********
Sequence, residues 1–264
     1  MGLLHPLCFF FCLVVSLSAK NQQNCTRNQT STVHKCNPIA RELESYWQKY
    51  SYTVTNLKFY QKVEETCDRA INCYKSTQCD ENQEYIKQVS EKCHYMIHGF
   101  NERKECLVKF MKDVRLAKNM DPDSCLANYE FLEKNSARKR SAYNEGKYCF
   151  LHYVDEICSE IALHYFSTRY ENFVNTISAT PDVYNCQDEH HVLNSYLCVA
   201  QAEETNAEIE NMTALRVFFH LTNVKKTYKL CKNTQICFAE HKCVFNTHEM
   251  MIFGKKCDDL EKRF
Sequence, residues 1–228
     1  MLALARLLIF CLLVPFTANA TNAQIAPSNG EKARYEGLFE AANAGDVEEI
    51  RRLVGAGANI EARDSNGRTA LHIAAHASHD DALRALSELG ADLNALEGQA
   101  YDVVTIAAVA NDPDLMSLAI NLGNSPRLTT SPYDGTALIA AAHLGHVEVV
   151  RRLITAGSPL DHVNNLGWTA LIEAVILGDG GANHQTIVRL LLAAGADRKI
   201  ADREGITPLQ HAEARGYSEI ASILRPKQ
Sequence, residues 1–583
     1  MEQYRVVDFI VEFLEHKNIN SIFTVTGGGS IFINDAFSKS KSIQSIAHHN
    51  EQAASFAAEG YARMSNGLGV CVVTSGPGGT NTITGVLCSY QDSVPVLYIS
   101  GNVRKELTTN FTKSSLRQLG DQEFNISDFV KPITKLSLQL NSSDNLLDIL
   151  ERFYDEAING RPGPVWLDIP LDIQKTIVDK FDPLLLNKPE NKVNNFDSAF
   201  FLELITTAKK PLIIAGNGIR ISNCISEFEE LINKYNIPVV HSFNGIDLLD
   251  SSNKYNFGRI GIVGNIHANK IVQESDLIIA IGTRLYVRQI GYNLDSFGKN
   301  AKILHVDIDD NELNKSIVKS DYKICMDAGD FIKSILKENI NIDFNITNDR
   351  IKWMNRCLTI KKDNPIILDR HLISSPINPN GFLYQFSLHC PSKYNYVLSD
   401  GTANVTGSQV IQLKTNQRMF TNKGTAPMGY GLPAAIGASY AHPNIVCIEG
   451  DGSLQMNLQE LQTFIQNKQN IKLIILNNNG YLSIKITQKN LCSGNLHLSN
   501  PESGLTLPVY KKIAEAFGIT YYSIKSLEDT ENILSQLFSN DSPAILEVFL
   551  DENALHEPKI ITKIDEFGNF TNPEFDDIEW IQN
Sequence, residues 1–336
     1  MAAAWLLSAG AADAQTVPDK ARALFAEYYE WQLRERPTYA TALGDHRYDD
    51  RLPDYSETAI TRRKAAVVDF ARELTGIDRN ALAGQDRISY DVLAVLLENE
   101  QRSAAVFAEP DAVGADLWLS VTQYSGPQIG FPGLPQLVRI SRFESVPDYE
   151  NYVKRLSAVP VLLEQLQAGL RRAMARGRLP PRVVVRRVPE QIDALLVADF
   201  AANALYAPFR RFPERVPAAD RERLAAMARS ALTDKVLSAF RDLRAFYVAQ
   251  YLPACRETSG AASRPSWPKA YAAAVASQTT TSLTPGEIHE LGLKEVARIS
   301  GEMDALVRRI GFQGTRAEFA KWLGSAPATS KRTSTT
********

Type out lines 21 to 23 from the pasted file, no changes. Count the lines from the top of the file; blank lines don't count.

   301  AKILHVDIDD NELNKSIVKS DYKICMDAGD FIKSILKENI NIDFNITNDR
   351  IKWMNRCLTI KKDNPIILDR HLISSPINPN GFLYQFSLHC PSKYNYVLSD
   401  GTANVTGSQV IQLKTNQRMF TNKGTAPMGY GLPAAIGASY AHPNIVCIEG